Date of Graduation
During the past decade, true chemical speciation has become increasingly important for environmental, clinical and nutritional chemists. Chemical speciation, by definition, is the identification of elements and their chemical environment in a given sample. The current and most popular trend for chemical speciation is to utilize hyphenated techniques, thus yielding two-dimensional information. Often, chromatography or an alternate separation technique is used to separate the mixture into its constituent components. Then, each component is interrogated by some spectroscopic technique. In nearly all cases, the nature of the compounds are inferred from their relative chromatographic properties, and the identification of elements and their relative concentrations are measured via spectroscopic techniques. While this approach provides a significant amount of information on a given sample, it is not speciation in a true chemical sense. Using micro- and milli-second pulsed glow discharge time of flight mass spectrometry and temporal gating techniques, elemental, structural and molecular information was obtained, concurrently from the same instrument. Samples were introduced into the pulsed plasma and allowed to interact with the plasma. Depending on the extent of these interactions, which is controllable at the discretion of the user, the samples may undergo soft chemical ionization yielding molecular ions or may be completely atomized and ionized yielding elemental information. The operator could chose the above interaction zones or anything in-between, which provides structural information through an electron ionization type fragmentation pattern. Detection of plasma produced ions was done by a time-of-flight mass spectrometer (ToF-MS) which is most suitable for complete mass spectrometric analysis of time gated transient events.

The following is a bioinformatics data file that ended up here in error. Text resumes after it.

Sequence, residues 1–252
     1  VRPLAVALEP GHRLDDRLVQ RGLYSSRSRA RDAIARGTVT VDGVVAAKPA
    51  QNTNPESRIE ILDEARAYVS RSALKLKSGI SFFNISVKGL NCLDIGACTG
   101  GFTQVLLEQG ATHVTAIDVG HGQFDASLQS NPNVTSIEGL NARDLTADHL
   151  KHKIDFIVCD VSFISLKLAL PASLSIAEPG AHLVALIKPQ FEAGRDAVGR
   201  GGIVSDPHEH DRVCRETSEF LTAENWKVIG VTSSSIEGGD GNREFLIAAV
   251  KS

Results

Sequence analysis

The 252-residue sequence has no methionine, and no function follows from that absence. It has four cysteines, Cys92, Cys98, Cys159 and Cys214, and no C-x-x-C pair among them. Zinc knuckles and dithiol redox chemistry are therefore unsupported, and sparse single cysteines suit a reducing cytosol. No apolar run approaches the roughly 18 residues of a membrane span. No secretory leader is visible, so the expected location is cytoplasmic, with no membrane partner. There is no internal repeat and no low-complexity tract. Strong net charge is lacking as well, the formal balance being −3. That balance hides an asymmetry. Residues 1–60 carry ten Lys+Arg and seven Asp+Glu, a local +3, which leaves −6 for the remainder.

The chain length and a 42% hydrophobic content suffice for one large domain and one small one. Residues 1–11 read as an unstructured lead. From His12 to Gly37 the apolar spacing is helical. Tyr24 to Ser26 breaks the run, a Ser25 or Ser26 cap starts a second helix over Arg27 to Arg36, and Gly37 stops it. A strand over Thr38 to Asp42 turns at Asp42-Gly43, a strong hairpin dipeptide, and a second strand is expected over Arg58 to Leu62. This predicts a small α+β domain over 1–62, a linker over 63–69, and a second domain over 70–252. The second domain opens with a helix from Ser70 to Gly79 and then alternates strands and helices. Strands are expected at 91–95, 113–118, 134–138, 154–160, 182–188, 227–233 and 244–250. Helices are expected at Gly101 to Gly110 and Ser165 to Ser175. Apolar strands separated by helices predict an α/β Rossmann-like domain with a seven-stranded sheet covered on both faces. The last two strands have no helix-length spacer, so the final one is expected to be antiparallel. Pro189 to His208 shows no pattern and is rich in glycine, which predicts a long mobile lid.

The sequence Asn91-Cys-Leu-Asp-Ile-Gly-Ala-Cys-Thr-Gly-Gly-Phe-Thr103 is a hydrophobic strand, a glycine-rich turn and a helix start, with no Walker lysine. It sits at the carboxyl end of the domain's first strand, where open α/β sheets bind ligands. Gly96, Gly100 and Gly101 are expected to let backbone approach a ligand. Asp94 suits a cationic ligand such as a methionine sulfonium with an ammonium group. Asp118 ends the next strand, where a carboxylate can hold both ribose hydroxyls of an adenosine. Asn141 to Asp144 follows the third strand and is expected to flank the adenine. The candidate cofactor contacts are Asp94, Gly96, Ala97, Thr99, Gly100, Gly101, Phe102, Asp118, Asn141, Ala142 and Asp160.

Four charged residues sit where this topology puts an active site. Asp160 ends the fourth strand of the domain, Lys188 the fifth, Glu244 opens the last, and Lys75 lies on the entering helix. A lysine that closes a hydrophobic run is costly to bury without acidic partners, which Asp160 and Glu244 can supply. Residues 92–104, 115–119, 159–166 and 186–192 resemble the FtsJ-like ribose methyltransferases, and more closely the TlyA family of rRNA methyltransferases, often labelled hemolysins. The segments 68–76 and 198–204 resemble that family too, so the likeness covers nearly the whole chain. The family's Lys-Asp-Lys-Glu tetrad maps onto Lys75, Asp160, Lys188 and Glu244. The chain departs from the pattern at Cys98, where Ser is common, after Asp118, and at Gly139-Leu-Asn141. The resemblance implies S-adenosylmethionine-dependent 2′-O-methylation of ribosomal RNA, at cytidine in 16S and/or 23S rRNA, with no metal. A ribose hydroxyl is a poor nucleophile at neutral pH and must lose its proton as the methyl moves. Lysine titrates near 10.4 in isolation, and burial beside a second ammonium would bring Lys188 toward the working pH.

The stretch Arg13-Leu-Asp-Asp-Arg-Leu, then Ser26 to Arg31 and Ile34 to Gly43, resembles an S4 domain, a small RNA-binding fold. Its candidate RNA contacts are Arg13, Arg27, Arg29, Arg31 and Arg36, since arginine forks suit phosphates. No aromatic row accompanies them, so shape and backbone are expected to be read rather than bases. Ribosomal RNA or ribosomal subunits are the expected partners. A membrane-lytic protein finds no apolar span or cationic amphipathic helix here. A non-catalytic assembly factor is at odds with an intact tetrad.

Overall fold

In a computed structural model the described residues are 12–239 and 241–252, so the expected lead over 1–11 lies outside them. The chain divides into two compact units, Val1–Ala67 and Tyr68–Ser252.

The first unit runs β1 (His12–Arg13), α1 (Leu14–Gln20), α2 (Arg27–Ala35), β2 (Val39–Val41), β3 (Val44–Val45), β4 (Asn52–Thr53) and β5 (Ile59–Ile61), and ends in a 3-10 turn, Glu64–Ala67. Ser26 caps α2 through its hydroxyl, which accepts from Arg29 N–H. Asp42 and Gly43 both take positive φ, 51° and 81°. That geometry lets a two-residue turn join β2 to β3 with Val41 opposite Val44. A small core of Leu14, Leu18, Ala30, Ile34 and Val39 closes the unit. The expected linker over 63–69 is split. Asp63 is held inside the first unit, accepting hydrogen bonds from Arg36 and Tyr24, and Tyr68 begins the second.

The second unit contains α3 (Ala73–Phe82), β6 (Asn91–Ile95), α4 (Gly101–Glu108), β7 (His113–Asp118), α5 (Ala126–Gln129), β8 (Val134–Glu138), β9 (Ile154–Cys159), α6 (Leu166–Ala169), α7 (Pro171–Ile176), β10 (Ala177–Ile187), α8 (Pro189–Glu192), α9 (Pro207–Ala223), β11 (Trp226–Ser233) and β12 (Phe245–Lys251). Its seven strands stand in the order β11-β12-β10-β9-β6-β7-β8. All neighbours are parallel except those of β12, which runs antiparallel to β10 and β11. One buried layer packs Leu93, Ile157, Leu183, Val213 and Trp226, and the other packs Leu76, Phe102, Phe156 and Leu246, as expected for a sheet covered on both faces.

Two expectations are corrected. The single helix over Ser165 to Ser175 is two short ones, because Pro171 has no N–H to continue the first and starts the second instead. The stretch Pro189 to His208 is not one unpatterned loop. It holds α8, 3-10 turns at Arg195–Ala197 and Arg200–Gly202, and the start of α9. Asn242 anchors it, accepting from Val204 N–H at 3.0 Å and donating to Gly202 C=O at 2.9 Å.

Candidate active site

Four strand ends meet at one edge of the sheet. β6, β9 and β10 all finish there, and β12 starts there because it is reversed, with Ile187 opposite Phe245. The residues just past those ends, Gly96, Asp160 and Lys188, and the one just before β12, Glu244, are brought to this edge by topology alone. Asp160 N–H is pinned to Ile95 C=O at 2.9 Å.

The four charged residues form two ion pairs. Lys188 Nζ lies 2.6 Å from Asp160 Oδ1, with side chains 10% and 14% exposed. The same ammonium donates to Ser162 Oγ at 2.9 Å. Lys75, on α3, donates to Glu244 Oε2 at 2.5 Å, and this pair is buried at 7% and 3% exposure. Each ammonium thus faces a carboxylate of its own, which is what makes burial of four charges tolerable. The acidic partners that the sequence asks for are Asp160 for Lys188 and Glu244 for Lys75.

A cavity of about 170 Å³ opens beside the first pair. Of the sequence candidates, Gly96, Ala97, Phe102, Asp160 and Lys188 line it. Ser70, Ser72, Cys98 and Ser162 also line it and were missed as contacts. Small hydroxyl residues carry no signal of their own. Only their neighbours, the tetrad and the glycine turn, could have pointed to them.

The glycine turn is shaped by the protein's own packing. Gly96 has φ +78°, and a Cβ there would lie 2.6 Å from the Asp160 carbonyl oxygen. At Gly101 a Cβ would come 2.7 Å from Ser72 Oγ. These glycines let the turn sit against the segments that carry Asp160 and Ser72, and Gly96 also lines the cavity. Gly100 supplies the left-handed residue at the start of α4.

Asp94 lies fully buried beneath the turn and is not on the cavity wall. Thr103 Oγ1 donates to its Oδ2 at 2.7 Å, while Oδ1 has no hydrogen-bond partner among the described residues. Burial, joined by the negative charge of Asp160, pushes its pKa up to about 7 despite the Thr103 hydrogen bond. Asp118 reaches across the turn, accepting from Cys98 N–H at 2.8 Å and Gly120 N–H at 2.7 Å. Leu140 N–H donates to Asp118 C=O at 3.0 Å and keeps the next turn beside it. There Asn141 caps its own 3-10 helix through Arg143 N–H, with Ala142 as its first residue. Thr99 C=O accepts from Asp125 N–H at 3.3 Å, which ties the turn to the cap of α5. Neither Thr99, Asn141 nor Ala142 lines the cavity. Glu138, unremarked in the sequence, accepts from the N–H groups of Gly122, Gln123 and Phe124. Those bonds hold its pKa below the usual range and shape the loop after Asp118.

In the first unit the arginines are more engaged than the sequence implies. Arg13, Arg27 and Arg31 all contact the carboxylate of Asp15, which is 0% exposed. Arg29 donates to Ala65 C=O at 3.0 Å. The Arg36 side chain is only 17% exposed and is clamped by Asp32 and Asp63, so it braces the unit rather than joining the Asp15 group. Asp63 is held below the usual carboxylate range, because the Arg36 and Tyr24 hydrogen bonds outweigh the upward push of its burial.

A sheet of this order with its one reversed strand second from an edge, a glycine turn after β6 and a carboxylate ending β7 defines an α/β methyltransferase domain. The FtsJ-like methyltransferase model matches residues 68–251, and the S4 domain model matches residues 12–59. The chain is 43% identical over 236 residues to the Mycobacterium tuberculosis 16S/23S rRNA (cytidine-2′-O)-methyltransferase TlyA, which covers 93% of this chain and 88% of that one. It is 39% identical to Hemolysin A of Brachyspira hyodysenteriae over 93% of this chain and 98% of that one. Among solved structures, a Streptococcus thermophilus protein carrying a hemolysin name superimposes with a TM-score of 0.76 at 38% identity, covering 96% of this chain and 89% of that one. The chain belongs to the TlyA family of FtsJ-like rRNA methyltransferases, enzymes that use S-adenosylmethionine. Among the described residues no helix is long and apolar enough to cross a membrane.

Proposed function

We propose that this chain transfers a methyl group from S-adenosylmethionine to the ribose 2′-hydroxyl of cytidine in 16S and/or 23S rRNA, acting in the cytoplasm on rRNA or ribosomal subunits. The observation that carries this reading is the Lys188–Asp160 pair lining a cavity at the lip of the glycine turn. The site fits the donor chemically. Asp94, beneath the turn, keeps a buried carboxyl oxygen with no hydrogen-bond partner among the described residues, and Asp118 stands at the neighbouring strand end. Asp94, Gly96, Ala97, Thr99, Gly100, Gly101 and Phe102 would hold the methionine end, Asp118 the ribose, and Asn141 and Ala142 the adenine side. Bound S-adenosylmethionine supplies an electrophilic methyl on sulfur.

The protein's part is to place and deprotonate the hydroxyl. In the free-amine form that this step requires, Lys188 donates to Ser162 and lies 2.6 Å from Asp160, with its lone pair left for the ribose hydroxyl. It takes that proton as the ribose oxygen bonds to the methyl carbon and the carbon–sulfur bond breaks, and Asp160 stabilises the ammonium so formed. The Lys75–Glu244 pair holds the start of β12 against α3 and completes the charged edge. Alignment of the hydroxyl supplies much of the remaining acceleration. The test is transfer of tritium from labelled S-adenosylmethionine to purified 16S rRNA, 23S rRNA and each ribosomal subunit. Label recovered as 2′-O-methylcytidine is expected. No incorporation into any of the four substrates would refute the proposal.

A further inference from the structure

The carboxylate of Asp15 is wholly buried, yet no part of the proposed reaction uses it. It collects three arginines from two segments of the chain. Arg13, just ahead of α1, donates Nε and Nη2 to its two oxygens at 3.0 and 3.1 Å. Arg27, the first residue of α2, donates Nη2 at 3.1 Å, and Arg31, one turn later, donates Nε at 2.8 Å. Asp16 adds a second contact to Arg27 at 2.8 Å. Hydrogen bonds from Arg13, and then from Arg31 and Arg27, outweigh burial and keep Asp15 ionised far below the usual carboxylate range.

Moser, Matthew Alan, "Micro-and pulsed-plasmas: Fine tuning plasma energies for chemical analysis." (2002). Graduate Theses, Dissertations, and Problem Reports. 9458.